Cukor’s ’54 Star towers over them all. It isn’t just that it has the noblest Maine (his fall feels almost Shakespearean) but Judy Garland’s Blodgett is a performance for the ages. Garland feels miscast — at 31 and visibly aged by alcohol and prescription meds she is barely credible as an aspiring singer in her 20s — but I submit Garland in her best roles has always seemed miscast. She was 15 when she played Dorothy in The Wizard of Oz (the studio, to mute criticism, insisted she was 14) and this awkward gawky quality to her performances made you feel for her.
That’s the power of onscreen Garland — she never seems all that confident, never seems guarded; her every emotion is thrillingly open to you (it’s the quality that makes her so much fun in comedies, devastating in dramas). And when the music swells and her divine voice fills the screen — when, for example, Maine listens to her sing “The Man that Got Away” to a simple piano in an after-hours club, you can’t help but look around, wondering where the hell all that grace and power comes from. Who wouldn’t fall for a woman like that?
Cukor’s Star is great but isn’t my favorite. Mario O’Hara’s Kastilyong Buhangin** (Castle of Sand, 1980) arguably constitutes a sixth version (far as I know there’s two more, both Indian musicals) is arguably the oddest of the lot: singer-actress Aunor wanted to act with stunt-man-turned-actor Lito Lapid and the result has both (rather cheesy) musical numbers and (excellently staged) fight scenes — think A Star is Born crossed with Ringo Lam’s Prison on Fire. Aunor’s Laura is the most muted of all the Blodgetts — guarded, levelheaded, almost constantly inward-looking. Her finest moment comes midway through, when Lapid’s Oscar finally makes a pass at her. She resists, thinks about it — you can see her regard (all without uttering a word) her withered cautious life, regard her relationship with this troubled troubling man-child she has supported and defended for years. Finally you see her say (to herself): “Fuck it.” The wine has to be decanted eventually — why not now?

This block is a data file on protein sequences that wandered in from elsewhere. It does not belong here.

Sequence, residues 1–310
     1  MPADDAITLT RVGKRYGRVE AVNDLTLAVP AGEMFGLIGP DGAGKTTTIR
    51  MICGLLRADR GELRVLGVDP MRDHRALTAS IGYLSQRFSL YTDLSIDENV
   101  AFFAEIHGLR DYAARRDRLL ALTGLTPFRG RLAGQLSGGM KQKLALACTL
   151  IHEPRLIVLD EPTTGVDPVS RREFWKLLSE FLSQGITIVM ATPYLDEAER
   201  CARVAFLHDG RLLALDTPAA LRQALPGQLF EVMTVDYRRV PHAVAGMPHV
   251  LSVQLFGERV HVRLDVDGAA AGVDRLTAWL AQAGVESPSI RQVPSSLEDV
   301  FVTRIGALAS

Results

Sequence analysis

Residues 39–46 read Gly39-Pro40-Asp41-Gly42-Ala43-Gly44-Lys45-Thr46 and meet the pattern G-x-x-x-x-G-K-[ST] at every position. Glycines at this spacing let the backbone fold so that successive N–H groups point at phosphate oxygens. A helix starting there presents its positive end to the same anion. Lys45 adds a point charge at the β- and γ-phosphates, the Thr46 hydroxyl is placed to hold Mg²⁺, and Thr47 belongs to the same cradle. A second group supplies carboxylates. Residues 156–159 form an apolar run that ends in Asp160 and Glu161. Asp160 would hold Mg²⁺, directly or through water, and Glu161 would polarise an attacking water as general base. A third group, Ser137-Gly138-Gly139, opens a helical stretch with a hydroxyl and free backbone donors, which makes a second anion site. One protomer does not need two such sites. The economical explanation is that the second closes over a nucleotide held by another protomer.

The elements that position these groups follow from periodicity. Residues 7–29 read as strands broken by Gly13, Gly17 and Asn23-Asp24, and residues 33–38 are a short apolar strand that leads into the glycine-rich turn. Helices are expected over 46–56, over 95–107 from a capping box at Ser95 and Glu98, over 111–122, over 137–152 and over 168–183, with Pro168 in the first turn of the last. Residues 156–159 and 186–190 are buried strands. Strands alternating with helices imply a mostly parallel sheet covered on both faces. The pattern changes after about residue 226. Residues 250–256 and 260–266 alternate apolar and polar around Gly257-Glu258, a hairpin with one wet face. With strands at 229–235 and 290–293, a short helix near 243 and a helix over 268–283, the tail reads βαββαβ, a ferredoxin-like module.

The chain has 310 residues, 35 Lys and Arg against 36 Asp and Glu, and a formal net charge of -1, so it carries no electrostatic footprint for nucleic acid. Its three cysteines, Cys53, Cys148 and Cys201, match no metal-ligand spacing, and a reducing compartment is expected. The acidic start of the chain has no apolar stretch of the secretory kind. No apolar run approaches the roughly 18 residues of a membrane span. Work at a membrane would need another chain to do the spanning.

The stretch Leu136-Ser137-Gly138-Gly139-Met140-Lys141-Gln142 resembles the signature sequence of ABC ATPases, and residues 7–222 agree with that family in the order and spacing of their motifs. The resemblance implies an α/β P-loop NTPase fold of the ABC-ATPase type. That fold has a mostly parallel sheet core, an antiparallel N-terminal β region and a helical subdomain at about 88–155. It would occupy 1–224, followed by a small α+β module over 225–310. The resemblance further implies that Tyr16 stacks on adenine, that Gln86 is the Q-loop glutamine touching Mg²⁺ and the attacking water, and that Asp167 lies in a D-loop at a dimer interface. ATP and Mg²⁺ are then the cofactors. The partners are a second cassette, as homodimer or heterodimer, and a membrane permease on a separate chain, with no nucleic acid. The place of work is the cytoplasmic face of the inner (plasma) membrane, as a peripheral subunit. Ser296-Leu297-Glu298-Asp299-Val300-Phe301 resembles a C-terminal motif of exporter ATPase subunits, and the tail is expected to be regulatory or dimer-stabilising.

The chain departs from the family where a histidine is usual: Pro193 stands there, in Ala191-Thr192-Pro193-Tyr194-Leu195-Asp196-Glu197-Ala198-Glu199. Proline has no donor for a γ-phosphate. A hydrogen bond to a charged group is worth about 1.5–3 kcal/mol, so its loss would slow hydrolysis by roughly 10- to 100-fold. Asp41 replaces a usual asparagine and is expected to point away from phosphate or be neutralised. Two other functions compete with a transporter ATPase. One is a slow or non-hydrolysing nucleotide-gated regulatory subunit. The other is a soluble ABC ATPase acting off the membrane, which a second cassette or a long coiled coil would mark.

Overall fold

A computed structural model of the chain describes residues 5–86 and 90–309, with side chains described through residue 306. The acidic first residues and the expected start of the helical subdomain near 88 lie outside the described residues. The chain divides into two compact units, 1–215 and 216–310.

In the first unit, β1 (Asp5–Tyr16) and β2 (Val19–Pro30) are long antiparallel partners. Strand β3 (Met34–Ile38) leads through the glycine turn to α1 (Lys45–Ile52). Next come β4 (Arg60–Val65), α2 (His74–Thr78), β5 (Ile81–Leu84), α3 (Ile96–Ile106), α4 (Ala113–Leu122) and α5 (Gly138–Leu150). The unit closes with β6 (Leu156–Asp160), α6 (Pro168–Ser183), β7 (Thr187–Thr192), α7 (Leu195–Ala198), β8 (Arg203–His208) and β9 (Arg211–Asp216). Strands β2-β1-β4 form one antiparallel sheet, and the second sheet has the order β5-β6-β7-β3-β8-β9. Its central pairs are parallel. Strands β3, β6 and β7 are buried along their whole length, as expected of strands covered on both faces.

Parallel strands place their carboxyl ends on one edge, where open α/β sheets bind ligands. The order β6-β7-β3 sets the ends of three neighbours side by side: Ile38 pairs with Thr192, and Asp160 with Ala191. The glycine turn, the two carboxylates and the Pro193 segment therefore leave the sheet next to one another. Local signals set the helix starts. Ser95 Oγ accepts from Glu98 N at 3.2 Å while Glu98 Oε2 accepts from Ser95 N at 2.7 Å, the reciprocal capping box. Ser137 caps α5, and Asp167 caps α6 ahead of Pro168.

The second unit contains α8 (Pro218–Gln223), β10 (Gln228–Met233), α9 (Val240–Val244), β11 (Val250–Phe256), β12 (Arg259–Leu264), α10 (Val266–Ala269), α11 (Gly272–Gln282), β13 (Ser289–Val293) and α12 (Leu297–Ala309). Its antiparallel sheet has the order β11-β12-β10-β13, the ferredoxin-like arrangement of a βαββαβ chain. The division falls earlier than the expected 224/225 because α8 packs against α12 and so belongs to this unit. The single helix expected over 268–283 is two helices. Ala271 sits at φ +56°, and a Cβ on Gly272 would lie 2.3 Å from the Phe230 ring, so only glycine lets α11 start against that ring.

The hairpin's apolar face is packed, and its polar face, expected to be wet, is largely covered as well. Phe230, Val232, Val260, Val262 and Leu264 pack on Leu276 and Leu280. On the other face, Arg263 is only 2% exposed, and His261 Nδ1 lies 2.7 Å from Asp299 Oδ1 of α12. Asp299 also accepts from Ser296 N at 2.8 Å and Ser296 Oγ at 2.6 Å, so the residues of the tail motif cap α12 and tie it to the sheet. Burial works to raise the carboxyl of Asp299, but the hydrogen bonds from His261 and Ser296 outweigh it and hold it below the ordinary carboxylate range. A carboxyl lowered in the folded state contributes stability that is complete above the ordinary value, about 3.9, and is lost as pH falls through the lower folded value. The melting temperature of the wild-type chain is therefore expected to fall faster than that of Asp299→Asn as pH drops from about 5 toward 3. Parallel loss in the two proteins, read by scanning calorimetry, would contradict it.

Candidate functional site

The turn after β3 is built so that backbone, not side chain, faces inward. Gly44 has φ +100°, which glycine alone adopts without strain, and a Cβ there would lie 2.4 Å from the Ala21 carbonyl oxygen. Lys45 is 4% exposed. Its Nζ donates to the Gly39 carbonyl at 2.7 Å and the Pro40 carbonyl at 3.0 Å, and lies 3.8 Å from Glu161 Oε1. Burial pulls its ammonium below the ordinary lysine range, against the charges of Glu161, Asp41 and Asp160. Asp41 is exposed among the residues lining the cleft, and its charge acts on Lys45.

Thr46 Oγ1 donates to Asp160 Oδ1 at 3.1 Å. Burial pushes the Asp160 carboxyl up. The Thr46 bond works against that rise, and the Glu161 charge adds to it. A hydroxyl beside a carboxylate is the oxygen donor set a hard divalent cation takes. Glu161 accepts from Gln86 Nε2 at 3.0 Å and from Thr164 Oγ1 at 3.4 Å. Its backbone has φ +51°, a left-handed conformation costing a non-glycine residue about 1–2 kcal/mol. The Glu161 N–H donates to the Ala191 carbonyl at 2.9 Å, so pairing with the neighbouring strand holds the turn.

Aunor gives the film its dramatic arc then generously cedes center stage to Lapid: his Oscar is arguably the most self-destructive of the Maines, a man so steeped in violence he can only express himself by striking back, so unsure of himself he can only find comfort in a penitentiary. In one beer session, egged on by his drinking buddies, he dances till he laughs, laughs till he cries, cries till he collapses; the scene shouldn’t work only Lapid throws body and soul into the dance with such intensity you aren’t allowed room for doubt. Oscar is obviously struggling with demons but whose? Lapid has never shown this much intensity in his acting before or since; screenwriter Mely Tagasa is a master at women’s melodramas (she also wrote O’Hara’s Uhaw sa Pagibig*** [Thirst for Love] and reportedly the original radio script which served as basis for Lino Brocka’s Insiang) but this alcohol-fueled sense of rage and despair seems out of her range (I’m guessing; I don’t know for sure). Is it the director’s?
Oscar’s end (skip this paragraph if you haven’t seen the movies!) is, I submit, the most ignominious: no spectacular sunset, just a prison shower room, with a piano tinkling sadly in the background. Cukor ends his with one of the most famous last lines in all of Hollywood, delivered with simple force by Garland; Cooper flubs his by tacking on a final song number that takes the moment past its point. If we’re going to have a final number I much prefer Aunor singing her picture’s title song — where Gaga pays tribute to everlasting love (“I was stupid to think that any love can compare to the love that you gave to me”), Aunor’s has this mono, no aware, sense of the transience of love (“flawless, yet crumbles at a breath of wind”) without once denying that love’s fragile beauty. Between lasting love and sand castles, I suppose I believe in the castle.

* Actually the movie suggests midway that Ally has unknowingly surrendered control of her career to Rez, or at least fails to indicate otherwise — it lacks a scene where Ally confronts her manager, ultimately diminishing the character.